Functional assessments represent one of the ways of measuring the impact of a musculoskeletal injury in the life of an individual.15 Usually, assessment of muscular strength and amplitude of movement of the affected joint is used for this end. However, those measurements are poorly associated with the functional status for activities of daily living (ADLs) and work activities.10

Several questionnaires for the functional evaluation of the shoulder have been developed since the 1980s.16 In a systematic review of the literature, Bot et al. found 16 questionnaires with this objective in the English literature.17 Currently, only three of those questionnaires have a Brazilian version: The Disabilities of the Arm, Shoulder, and Hand Questionnaire (DASH),18,19 Western Ontario Rotator Cuff Index (WORC),20,21 and the modified version of The University of California at Los Angeles Shoulder Rating scale (UCLA).22, 23

The Disabilities of the Arm, Shoulder, and Hand Questionnaire (DASH) has been developed by the American Academy of Orthopaedics Surgeons (AAOS) in cooperation with the Institute for Work & Health (Toronto, Canada). It is composed of 30 items that evaluate symptoms and physical, social, and psychological function, and it was developed to be used in patients with any disorder in any joint of the upper limbs. This generalization favors the use of the DASH in different medical areas, but makes it less responsive and, therefore, less effective as a research tool.20,24

The Western Ontario Rotator Cuff Index (WORC) is a questionnaire composed of 21 items graded by visual analogue scales (VAS), and it encompasses physical symptoms, sports, recreation, work, life style, and emotional status. Unlike the DASH, the WORC is a specific tool for patients with changes in the rotator cuff.21,25

The modified version of the UCLAwas introduced by Ellman et al. for the pre-and postoperative evaluation of degenerative lesions of the rotator cuff.22,23 The modified UCLA has a maximal score of 35 points, 10 for pain, 10 for function, 5 for amplitude of movement for flexion of the shoulder, 5 for the strength of the group of flexors of the shoulder, and 5 for patient satisfaction.24 Although widely used in Brazilian literature, the UCLA does not evaluate the functional status of the shoulder in specific movements and physical activities. Besides, in the pain-evaluation section, the options of answers combine the frequency and severity of pain, as well as the type and amount of medication used for pain relief. This increases patient difficulty to choose the answers that best apply to him/her, since the existing answers do not always correspond to the characteristics of the pain experienced by a patient.23,24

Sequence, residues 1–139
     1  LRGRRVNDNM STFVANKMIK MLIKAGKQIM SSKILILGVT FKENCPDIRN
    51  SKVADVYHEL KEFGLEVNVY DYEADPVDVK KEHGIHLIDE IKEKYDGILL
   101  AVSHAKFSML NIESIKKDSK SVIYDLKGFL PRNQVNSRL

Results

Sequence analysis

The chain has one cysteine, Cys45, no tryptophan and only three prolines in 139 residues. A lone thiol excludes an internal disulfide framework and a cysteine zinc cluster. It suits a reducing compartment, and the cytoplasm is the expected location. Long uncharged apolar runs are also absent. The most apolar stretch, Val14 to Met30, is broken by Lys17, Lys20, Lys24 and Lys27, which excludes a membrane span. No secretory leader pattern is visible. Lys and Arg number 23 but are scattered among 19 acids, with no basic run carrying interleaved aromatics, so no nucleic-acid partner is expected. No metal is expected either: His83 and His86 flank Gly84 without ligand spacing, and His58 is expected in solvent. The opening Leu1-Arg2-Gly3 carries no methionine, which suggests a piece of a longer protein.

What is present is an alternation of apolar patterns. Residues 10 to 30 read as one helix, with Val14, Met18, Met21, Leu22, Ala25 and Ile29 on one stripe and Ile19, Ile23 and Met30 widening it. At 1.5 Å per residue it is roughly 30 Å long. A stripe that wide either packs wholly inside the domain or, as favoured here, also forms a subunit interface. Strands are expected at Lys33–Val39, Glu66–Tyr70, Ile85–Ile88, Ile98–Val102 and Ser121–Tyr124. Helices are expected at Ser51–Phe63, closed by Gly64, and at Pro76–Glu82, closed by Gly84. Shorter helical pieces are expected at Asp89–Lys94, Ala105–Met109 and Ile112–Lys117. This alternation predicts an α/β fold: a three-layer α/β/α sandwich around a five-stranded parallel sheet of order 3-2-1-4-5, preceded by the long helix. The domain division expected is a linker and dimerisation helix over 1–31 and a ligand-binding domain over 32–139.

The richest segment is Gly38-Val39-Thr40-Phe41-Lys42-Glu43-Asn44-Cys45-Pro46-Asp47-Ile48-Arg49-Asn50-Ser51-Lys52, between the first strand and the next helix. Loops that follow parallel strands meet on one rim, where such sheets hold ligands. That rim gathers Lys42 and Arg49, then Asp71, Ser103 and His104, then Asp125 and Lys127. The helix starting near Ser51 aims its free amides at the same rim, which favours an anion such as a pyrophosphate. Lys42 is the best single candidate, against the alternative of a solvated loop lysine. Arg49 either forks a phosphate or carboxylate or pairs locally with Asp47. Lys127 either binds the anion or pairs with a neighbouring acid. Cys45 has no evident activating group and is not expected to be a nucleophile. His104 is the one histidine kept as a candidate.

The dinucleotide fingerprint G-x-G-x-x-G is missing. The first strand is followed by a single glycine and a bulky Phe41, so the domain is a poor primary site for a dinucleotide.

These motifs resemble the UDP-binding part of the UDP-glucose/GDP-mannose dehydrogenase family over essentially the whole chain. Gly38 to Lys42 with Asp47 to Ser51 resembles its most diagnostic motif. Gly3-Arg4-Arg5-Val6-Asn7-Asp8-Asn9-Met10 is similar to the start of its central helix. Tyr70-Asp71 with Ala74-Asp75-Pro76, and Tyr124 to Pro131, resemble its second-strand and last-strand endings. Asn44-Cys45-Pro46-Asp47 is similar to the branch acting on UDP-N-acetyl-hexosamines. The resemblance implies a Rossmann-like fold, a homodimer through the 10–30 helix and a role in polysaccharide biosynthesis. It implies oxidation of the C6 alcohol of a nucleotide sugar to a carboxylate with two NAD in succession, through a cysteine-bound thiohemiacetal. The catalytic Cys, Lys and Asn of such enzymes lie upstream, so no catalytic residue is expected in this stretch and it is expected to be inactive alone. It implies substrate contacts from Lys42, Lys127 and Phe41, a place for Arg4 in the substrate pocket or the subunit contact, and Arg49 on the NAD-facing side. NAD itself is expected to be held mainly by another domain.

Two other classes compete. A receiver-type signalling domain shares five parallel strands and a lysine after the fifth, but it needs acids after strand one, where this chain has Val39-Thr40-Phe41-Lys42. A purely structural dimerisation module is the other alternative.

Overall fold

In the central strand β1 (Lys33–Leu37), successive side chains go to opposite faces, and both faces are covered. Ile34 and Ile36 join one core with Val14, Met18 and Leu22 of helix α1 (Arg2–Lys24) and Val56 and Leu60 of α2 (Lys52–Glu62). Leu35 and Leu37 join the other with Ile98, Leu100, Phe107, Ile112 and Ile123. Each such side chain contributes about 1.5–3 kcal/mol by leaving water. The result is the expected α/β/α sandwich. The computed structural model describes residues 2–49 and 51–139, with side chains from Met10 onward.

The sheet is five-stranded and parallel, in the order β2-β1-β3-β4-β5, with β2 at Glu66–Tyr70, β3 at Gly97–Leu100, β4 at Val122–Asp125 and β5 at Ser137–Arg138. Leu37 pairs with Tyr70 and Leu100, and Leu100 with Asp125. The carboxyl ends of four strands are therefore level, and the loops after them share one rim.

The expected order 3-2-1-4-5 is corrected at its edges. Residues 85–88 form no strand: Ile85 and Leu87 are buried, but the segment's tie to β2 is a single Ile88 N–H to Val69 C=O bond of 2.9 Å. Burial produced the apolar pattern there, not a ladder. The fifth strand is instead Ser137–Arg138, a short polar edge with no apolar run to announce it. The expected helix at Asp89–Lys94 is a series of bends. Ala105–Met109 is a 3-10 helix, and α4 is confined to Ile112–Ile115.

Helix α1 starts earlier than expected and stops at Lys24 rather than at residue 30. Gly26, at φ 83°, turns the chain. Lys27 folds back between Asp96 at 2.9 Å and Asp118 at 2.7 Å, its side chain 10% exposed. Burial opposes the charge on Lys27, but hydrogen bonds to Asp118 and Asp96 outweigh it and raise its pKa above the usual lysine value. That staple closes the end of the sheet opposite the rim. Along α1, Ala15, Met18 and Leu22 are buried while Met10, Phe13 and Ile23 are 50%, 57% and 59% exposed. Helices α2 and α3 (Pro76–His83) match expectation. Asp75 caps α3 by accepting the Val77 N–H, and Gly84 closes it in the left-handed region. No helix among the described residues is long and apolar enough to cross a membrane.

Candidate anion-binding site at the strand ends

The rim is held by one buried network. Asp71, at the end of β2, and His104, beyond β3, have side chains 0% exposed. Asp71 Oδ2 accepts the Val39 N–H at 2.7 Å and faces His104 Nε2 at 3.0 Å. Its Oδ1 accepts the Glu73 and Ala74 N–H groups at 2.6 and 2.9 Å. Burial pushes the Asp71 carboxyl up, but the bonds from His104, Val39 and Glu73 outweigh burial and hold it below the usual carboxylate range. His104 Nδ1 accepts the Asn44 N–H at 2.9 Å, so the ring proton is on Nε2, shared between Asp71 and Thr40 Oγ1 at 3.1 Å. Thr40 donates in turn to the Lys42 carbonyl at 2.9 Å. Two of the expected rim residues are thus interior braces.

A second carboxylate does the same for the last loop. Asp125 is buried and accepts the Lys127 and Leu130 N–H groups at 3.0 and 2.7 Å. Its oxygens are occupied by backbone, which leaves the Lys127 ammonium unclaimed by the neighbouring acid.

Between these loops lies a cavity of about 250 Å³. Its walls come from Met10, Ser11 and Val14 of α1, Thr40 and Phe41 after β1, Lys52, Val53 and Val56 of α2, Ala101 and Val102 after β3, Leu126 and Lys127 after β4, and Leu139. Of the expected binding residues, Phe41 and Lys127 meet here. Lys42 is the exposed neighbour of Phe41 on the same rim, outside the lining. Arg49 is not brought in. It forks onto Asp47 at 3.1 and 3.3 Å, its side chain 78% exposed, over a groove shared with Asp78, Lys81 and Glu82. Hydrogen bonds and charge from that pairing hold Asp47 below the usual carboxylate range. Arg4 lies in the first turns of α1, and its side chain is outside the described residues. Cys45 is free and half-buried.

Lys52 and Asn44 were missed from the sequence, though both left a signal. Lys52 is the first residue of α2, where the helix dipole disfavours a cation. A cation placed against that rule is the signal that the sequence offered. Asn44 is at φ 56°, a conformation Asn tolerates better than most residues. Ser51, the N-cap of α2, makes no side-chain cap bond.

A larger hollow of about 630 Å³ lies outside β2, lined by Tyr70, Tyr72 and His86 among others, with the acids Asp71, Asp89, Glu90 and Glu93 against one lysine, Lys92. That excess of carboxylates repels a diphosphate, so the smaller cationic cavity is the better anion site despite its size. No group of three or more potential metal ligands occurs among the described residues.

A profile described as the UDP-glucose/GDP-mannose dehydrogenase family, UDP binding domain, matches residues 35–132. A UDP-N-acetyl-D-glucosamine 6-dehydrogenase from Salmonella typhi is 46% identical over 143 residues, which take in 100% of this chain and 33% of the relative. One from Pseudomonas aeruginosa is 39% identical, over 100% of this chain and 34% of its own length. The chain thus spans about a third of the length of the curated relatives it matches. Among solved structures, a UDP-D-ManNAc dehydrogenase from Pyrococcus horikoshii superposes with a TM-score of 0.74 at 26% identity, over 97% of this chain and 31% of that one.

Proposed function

Among the tools for the shoulder that are not restricted to specific disorders and that do not have a Portuguese version, the American Shoulder and Elbow Surgeons Standardized Shoulder assessment form (ASES)26 should be mentioned due the number of times it is mentioned in the literature. The ASES was elaborated by the Research Committee of the American Shoulder and Elbow Surgeons,26 and it is divided in two sections, one administered by a physician, and the other self-applied by the patient. This last section is composed by one item related to pain and ten items related to function, and the validity, reliability, and responsivity of this section have been demonstrated.27,28 The item related to pain is evaluated by a VAS (10 cm) that ranges from "no pain at all" to "pain as bad as it can be". The items related to function are evaluated by a four-point Likert scale. The scores of the pain and function subsections are transformed in percentages and each one represents 50% of the final score, which can range from 0 (absence of function) to 100 (normal function).24 This questionnaire, which evaluates shoulder function through questions related to common daily activities, is easy to apply. Unlike other tools that require recollection of the pain behavior, the ASES assesses pain at the time of the evaluation, without focusing on the past, allowing it to be applied in shorter intervals. Besides, studies have demonstrated that the ASES has better responsiveness than similar tools.28

Besides providing a new tool for Brazilian rehabilitation professionals for clinical-and research-oriented uses, the Portuguese translation and cultural adaptation of the ASES will help standardize functional evaluation methods of the shoulder, similar to that of the methods used in other countries, allowing comparison of studies undertaken in different populations. Thus, the objective of the present study was to establish the Portuguese translation and cultural adaptation of the ASES to be used in patients with different shoulder disorders.